NEW YORK -- When business partners start a company together, they may not want to think about what could happen to their enterprise if one of them dies or gets divorced. Attorneys and accountants advise their clients to be prudent and create a buy-sell agreement that will help to ensure that a stake in the business doesn't fall into unwelcome hands.
Buy-sell agreements typically stipulate how a company will be valued and how an owner's stake will be handled in the event of death, divorce and also bankruptcy or disability.
If there's no buy-sell agreement and one of the owners dies, their stake can pass to their heirs — and the remaining original owner or owners may get one or more new partners they didn't bargain for.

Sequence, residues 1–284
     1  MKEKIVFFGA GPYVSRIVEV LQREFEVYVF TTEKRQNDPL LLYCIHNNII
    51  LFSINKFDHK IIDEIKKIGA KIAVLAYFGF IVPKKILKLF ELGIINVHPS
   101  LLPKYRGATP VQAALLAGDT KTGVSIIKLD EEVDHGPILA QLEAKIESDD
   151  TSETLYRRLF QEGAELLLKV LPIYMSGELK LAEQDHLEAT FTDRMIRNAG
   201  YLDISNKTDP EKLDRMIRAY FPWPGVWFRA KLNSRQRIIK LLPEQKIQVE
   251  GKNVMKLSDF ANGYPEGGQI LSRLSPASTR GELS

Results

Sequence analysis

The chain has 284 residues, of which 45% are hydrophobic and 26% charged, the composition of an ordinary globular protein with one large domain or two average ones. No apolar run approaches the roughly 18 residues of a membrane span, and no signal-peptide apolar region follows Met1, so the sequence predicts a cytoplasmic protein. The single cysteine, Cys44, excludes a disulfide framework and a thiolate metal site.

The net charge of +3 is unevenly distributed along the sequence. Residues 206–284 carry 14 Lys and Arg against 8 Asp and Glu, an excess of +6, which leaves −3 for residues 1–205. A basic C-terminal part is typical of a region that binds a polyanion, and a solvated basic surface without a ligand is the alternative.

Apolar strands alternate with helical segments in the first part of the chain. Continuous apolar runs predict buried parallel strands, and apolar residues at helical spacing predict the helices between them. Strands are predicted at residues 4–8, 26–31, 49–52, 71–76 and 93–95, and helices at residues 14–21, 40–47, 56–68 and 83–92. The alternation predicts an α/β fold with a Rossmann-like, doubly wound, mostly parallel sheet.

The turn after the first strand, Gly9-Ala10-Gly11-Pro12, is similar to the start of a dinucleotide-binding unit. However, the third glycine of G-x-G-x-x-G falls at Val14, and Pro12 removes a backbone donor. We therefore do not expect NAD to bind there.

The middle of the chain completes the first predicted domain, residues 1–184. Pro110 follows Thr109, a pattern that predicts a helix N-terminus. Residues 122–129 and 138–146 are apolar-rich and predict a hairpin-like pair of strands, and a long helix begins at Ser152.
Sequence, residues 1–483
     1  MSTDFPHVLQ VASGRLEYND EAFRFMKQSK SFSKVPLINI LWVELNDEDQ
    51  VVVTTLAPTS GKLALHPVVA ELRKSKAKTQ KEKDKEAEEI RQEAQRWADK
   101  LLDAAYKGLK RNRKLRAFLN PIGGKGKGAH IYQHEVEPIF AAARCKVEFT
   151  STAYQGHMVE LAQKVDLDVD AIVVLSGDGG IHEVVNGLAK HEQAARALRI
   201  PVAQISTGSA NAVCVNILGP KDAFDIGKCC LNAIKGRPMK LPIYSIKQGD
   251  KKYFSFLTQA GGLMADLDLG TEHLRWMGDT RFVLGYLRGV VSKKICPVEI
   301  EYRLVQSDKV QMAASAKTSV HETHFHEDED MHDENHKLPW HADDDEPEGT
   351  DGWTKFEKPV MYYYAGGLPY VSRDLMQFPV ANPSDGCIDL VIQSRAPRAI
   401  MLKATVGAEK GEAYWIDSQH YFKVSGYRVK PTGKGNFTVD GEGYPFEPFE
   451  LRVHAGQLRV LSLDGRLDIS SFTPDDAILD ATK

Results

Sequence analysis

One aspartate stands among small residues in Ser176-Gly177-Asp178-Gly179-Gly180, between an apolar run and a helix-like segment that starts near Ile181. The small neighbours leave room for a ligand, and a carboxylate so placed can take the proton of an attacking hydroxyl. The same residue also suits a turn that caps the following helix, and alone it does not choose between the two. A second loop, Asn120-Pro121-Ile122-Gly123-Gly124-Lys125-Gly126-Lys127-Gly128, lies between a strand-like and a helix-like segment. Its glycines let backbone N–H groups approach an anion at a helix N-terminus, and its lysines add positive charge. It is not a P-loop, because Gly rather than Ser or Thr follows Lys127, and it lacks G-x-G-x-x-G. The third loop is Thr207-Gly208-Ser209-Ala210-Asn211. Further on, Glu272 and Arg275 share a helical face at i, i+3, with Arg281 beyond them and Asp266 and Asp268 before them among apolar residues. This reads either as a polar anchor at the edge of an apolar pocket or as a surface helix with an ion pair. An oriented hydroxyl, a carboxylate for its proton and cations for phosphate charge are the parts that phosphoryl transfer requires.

In the event of a divorce, without a buy-sell agreement an estranged spouse could claim a portion of an owner's stake. But a well-drafted agreement can prevent this by requiring a spouse to sell any stake received in a divorce settlement. In many cases, either the divorcing owner will have to buy out their spouse, or the business partners will have to do so.
When an owner divorces, a buy-sell agreement may need to be approved by the judge handling the case. Judges can disregard agreements if it appears they grossly undervalued a company or were otherwise unfair to an estranged spouse.
In such cases, rather than have a company sold or shut down, a judge may order a divorcing spouse to compensate their soon-to-be-ex with cash or other property.
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